Sophocles begins by describing a procession
of priests who come before the sacred altar outside the palace to lament over the plague that has befallen
the city of Thebes. The priests hope that the gods will show mercy to Thebes and take back their
curse. Soon Oedipus, seeing himself as the peoples' agent of salvation, enters to reassure his
been the king of Thebes for many years now. As alluded to in Sophocles' introduction, the Thebans
make him king after he rescues them from the Sphinx, an evil being who possesses supernatural power.
To save the city, Oedipus correctly answers the Sphinx's riddle: what creature walks on four feet, then
two feet, and finally three feet? The answer that Oedipus gives is man.
Though Oedipus is not a god, the people of Thebes regard him highly for his bravery and intelligence.
The temple priest exemplifies this regard when he implores Oedipus to help the city: You cannot equal
the gods, your children know that, bending at your altar. But we rate you first of men, both in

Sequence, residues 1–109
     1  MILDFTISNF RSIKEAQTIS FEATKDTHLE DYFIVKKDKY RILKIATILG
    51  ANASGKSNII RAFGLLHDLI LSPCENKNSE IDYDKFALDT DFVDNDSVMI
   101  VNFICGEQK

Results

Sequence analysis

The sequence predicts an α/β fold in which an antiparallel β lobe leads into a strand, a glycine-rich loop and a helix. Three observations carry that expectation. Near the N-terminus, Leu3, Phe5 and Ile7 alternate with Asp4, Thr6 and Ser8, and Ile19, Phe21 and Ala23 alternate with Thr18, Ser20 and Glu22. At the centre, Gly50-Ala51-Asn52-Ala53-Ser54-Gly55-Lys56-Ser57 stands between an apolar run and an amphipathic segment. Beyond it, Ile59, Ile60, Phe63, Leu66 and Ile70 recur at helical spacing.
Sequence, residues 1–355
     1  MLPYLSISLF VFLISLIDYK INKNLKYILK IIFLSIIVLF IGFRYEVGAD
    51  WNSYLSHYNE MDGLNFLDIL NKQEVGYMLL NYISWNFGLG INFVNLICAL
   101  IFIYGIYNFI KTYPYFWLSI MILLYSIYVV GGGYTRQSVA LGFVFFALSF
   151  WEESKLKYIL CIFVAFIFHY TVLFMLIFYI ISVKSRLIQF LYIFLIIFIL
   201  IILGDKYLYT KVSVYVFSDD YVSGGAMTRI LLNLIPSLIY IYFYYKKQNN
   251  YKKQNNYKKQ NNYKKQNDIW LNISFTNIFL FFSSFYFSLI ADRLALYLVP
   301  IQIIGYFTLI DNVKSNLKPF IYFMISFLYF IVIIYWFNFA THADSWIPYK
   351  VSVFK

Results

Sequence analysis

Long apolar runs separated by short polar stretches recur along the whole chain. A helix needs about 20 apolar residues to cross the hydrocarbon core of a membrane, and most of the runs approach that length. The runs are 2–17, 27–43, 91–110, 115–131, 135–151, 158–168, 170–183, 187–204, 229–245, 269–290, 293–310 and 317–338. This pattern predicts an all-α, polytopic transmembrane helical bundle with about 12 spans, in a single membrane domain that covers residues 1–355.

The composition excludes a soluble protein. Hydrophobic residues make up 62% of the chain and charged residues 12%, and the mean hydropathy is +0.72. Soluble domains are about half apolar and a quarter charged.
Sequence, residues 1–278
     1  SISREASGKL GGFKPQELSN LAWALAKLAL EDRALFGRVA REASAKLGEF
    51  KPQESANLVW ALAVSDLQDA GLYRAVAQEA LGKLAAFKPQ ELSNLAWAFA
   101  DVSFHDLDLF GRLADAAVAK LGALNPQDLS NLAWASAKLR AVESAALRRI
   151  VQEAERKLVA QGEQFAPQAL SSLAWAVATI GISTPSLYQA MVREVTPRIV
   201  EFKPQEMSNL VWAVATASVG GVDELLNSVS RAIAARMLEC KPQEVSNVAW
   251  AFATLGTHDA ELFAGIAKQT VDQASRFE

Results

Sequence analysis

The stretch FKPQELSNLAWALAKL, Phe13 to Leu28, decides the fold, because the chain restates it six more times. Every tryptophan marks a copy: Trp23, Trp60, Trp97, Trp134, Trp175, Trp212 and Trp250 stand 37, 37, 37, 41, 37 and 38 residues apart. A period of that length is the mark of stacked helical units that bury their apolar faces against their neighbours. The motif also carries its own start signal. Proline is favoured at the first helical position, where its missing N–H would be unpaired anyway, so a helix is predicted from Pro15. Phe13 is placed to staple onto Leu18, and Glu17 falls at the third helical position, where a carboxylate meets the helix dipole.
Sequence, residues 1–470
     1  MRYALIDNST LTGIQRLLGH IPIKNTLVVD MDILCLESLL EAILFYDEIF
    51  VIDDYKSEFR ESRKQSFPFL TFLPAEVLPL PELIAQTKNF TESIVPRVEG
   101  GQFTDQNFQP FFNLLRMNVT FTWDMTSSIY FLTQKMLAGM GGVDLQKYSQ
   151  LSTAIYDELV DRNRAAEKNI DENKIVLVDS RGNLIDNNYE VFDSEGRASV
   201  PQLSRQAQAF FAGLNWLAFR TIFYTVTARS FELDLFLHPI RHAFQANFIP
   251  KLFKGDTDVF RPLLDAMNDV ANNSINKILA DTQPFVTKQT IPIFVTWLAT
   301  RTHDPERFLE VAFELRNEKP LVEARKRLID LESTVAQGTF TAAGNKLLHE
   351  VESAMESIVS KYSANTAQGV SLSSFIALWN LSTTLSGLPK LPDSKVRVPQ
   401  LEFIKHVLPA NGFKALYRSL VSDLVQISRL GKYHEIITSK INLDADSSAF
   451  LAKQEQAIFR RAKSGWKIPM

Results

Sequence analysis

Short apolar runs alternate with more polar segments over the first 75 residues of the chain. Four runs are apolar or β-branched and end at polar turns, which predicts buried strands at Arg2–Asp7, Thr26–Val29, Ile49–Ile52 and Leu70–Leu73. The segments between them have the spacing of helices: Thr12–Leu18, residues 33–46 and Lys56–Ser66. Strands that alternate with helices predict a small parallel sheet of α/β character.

the common crisis of our lives and face-to-face encounters with the gods. He goes on to kneel before
the king and beg for his assistance.
Oedipus, the obliging father figure, willingly pledges to find and root out the cause of Thebes' curse.
In fact, he says he's already taken action on behalf of Thebes, sending Creon to Delphi to learn what
Apollo's oracle says.
Just as Oedipus wonders out loud why Creon has taken so long to return, the priest sees the queen's
brother approaching and Creon soon enters. Though Creon wishes to speak to Oedipus inside the
palace in private, the king instructs him to reveal the oracle of Apollo in public, in front of the
priests and townspeople. Obligingly, Creon says that the plague of the city is due to the unresolved
murder of King Laius, the former husband of Jocasta and the Theban king who reigned before Oedipus.
According to Creon, the city's curse will only be removed when justice is dealt to Laius' murderer.